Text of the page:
After selecting your zones, come up with a list of tasks that are needed to clean each zone that can be completed in under 15 minutes. The tasks on this list should be thought out and when they are completed and followed properly, the assigned zone is considered “clean” according to whatever standard you have in your home. It is easy to just say, “Ok, I know what needs to be done.” or “I will just tell my kids what needs to be done.”
It may seem a little cumbersome, but WRITE THE STEPS DOWN! It will save you a ton of time later and it will serve as a checklist for your kiddos when completing the task independently. Do you want to take it a step further? Snap a photo of your zone when it is clean.
The next step is to gather all of the supplies that are needed to clean each zone. In my house, I find it easier to purchase multiple bottles of the same product so that each zone has its own supplies. This eliminates excuses such as, “I couldn’t do the mirrors because (insert sibling name) had the glass cleaner.” Now, don’t get me wrong, this doesn’t mean you have to have multiple vacuum cleaners. It just means, having a caddy with the necessary wipes, products, etc. in one bin already in the zone will set your kiddos up for success. In addition to the cleaning caddy for each zone, print and laminate the cleaning checklist you already created and place it with your supplies or you can even hang it up in the zone. Did you take a picture? Put it in your caddy or hang it in your zones.
Lastly, determine a cleaning rotation for your house. How often does each zone need to be cleaned? Several times a day? Daily? Weekly? Twice a week? Make the rotation based on what works best for your house. Don’t set yourself up by creating an unrealistic schedule or unrealistic expectations.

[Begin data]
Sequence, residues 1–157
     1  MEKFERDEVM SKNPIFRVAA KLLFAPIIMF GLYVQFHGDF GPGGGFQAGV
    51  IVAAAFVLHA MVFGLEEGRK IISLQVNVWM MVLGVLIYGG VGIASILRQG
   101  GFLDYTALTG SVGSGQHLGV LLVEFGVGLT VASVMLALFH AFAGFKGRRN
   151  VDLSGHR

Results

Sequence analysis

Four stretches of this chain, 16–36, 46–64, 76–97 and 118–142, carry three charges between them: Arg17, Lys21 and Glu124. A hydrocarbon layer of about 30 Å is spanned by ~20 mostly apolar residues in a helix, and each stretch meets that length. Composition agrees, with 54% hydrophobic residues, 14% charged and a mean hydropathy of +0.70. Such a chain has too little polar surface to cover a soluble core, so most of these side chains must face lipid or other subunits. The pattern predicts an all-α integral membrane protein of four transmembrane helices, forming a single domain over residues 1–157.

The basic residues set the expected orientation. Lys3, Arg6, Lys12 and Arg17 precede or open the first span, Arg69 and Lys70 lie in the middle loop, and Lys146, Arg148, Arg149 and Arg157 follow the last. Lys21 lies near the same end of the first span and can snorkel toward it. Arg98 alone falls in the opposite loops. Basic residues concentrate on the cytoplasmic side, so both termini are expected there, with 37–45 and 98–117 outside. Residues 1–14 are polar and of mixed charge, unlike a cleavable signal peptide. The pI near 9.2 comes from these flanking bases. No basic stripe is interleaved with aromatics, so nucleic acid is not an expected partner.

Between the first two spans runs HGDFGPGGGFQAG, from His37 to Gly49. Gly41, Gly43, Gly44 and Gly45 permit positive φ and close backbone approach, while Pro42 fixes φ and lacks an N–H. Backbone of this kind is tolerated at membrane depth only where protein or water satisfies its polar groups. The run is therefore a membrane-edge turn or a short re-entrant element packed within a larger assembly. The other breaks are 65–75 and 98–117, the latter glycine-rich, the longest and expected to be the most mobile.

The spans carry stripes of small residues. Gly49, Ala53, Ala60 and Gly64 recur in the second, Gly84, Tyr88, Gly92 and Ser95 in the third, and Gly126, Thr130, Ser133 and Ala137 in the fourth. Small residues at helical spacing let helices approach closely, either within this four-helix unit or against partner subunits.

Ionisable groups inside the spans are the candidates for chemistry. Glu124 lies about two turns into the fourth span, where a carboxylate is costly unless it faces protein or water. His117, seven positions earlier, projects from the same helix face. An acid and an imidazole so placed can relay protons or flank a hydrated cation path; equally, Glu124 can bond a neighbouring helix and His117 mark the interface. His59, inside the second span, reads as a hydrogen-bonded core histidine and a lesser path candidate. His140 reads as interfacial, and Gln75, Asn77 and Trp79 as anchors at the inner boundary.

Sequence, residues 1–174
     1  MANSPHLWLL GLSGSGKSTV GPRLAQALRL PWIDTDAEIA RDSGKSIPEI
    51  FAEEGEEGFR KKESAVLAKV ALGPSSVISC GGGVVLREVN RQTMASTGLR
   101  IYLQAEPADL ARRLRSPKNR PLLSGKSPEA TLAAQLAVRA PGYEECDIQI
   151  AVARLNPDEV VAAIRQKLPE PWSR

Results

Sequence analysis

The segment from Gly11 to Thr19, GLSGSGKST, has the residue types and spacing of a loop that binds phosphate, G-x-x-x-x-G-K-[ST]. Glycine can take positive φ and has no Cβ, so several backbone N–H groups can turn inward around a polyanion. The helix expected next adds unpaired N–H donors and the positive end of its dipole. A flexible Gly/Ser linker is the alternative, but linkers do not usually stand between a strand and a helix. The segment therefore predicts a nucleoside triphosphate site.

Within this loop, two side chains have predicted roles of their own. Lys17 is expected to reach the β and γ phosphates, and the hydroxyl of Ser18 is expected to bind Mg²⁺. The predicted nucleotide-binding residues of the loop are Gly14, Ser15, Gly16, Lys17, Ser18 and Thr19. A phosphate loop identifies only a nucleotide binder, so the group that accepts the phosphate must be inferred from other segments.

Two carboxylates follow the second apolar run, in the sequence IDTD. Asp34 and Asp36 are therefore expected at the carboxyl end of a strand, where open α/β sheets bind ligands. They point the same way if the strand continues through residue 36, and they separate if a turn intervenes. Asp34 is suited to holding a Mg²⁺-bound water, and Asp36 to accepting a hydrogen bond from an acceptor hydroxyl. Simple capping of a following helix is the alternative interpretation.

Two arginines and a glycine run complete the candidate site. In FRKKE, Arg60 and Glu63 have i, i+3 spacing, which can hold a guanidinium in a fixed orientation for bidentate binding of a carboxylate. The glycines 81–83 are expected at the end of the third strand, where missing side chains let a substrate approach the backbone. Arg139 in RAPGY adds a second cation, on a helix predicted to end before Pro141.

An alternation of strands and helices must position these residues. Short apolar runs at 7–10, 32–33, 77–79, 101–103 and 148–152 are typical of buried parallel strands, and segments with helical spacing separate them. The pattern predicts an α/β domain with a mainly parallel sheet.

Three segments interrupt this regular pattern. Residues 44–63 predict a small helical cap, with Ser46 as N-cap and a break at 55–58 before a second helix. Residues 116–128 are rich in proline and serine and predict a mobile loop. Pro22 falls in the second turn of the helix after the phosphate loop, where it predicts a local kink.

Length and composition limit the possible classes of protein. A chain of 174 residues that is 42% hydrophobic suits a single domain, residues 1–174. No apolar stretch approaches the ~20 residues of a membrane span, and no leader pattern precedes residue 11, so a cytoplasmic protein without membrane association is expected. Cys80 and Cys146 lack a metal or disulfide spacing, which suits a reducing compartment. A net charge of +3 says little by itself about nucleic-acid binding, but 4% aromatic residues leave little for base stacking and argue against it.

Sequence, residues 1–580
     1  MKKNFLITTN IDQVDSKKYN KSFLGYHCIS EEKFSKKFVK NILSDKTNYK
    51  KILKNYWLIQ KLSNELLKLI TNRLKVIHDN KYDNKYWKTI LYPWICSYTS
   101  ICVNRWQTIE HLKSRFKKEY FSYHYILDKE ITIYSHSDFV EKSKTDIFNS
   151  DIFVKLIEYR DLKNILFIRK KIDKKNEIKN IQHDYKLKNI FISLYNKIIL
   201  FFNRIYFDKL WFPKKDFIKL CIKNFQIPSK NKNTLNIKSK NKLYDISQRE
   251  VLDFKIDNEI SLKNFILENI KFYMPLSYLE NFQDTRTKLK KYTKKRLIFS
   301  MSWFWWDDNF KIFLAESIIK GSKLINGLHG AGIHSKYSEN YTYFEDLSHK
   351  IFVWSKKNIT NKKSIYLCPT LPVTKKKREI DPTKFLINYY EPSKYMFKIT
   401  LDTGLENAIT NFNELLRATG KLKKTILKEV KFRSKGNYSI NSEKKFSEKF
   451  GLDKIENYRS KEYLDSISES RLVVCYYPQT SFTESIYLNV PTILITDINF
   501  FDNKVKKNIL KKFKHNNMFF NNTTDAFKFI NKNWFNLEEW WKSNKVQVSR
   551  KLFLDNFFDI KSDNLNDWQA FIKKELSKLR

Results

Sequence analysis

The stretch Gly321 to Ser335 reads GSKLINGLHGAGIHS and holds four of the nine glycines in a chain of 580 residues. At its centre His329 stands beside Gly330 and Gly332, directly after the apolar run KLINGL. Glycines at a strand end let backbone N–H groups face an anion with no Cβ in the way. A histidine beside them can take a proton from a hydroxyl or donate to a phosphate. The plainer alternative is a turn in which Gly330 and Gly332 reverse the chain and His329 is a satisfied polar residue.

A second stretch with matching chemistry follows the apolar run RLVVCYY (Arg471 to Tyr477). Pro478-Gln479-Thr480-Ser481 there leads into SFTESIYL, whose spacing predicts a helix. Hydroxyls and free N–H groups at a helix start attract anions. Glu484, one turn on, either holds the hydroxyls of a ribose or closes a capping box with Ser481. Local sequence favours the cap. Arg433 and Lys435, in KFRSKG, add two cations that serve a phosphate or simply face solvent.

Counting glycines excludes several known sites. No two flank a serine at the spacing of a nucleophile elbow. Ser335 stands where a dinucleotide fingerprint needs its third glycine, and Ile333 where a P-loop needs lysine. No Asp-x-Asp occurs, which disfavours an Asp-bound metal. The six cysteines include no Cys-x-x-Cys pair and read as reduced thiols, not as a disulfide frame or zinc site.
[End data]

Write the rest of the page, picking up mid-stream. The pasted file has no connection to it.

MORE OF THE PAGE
Feel free add in some fun incentives! Allow kids to earn badges or certificates based on their accomplishments. Cleaning the house may sound like a dreaded thing to your kids. It’s important to remind your kids of the reasons they are being asked to keep the house clean, how much you appreciate them for being a part of the process, and celebrate them for mastering each zone.
Here comes the real work!
Show Your Kids How to Do Chores
The first part of the system is to just show your kids how to clean. Make sure you first assign each kid a zone for a designated period. In our house, my kiddos will shadow me for one week while I clean their assigned zone. So in reality, if you have four zones, your kids will be shadowing you as you clean for four weeks. I told you this wasn’t a quick fix!
During the cleaning session, give your kiddo the checklist you created. Have them observe you as you perform each step. Allow them to ask questions and ask them questions, such as “Why are we using this product for this area? Or How do we safely use this product? Each of these questions gets them thinking of the “why” behind the cleaning and not just trying to rush through. Remind your kiddo that the zone should take no more than 15 minutes. (If you went over 15 minutes, it should only be because you were explaining and dialoguing).
Support Your Kids As They Learn Chores
Once your shadow week is over, it’s time for the kids to start cleaning. Unfortunately, you are still not off the hook. In our house, we believe it is necessary for our kids to master an area. We decided that we would rather have them master the zone than have to constantly go back and clean up after them. We usually stay on this step for about two weeks. If you find that one of your kids has mastered their zone while the other has not, let the other kids switch and continue your rotation. Put the child struggling in their zone back in the rotation once they mastered their zone.